Lower branch of the Taku Glacier and Grizzly Bar, October 2018. (Gabe Donohoe | For the Juneau Empire File)

Lower branch of the Taku Glacier and Grizzly Bar, October 2018. (Gabe Donohoe | For the Juneau Empire File)

Opinion: Canada must clean up mine pollution

Protecting Alaska’s environment is a sober challenge.

Protecting Alaska’s environment is a sober challenge when erosion and contamination collide forces. There are no conflicts of interest when the power of nature issues its results. Many have eye witnessed such destructive forces that move with intensity without conscience.

Increasing evidence persuades that any solution realized to control the extreme wind, high tide surges, must alter the course of the erosion and inland seas by engaging the geography itself. Efforts to acquire a solution dictates that a permanent barrier system be implemented to control inland saltwater encroachment. Sand bags and current deflectors are pointless.

Landmass susceptible to excessive weather conditions drain inland forming seas that are fully capable of overwhelming toxic containment dams and waste systems. The mining industry produced vast amounts of mineral tailings from processed ore. The composite waste minerals contain lethal elements such as arsenic 33 and mercury 80, yet the combination of processed minerals also produce new alloys and uncharted particles not on the periodic table. These introduced heavily in parts per million, may alter the aquatic food chain for many square miles for years.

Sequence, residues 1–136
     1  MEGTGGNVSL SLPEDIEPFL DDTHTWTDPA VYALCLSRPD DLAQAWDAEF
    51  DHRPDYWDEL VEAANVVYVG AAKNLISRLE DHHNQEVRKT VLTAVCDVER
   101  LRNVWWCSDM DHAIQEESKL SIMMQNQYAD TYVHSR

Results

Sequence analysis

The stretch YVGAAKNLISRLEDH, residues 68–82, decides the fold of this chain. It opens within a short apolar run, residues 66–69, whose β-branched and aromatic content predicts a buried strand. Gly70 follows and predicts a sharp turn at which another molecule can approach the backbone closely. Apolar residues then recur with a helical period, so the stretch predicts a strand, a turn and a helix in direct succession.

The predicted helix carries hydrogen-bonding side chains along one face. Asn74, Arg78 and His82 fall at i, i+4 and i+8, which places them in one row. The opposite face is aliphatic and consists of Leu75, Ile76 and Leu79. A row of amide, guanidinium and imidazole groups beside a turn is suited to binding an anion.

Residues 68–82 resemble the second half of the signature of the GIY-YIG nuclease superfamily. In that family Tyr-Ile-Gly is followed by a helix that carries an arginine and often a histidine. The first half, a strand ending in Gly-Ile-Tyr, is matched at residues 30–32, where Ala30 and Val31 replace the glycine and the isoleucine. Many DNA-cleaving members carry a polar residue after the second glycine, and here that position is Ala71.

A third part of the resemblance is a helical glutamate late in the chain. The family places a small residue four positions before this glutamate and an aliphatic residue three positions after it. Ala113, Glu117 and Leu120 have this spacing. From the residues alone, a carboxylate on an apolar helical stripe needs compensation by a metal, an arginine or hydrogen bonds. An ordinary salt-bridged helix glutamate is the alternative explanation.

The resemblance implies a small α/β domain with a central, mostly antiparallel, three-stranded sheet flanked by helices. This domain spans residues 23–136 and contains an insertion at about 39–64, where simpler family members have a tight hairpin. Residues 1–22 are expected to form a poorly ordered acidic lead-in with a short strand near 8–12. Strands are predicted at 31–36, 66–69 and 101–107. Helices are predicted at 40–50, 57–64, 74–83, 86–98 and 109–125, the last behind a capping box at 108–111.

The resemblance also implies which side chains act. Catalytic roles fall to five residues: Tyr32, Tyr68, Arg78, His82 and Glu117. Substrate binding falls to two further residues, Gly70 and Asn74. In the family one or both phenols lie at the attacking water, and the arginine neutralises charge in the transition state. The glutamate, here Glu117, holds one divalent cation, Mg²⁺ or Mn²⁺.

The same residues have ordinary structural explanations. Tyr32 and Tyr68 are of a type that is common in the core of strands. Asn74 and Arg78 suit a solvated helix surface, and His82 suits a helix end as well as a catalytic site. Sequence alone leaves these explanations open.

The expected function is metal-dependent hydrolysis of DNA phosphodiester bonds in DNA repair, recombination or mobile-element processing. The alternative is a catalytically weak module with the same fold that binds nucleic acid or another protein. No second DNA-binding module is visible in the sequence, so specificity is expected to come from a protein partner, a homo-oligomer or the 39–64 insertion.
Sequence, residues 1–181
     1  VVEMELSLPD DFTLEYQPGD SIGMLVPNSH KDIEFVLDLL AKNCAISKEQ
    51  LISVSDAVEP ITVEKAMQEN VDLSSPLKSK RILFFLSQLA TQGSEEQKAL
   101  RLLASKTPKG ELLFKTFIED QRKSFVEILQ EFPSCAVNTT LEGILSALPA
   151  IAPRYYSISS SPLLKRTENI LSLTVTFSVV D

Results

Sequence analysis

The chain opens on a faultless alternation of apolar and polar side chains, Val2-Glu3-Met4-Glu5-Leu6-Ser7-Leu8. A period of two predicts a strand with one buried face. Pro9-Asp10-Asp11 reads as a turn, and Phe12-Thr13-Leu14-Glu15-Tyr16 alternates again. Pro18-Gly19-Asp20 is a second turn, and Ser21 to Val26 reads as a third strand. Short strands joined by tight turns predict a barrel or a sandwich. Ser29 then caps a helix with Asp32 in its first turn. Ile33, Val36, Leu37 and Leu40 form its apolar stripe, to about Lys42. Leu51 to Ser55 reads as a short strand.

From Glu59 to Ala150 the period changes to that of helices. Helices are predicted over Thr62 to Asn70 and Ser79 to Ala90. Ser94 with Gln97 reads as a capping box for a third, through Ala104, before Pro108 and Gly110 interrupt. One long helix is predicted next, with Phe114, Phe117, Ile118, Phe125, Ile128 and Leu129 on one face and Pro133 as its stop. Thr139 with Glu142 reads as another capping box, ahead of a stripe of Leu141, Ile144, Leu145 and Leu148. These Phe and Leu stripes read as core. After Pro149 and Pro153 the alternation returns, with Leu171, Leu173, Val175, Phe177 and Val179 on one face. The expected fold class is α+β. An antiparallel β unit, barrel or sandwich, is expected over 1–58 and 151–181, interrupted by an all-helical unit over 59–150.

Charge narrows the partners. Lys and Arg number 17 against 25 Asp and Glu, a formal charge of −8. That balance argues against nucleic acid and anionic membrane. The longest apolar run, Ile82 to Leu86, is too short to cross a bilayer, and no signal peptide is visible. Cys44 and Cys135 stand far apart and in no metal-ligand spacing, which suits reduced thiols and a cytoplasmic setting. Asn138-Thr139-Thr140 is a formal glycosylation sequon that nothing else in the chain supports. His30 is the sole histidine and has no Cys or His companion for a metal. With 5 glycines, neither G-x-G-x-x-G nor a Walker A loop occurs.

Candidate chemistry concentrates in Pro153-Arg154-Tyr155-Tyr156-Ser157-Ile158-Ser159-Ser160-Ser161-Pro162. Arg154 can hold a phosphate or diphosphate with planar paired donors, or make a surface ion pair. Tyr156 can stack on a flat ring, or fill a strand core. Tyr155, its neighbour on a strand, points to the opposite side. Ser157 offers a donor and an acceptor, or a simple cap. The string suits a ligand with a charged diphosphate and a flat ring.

[Opinion: Clean up that damn mine]

Consider, the forces of nature that submerged a damaged nuclear energy plant thousands of miles away. The event affected fish only hundreds of miles from our coast. On U.S. soil, “Spent Fuel Rods” from reactors are stored at “30 inactive nuclear plants.” San Clemente’s 2013 reactor shutdown are cooling spent fuel rods in concrete steel-lined containers at “the edge of the Pacific Ocean.” Science and the probability of nature’s power seems of little concern to authorities with a limited perspective. Recent severe fires, earthquakes and extreme storms have no conscience.

This is why Alaska must resolve the massive (decades old) mine waste contamination sites only 40 miles from Juneau, up the Taku River. The notified Canadian authorities now carry the responsibility. Alaska’s response must now be capable of leveling a fine for noncompliance.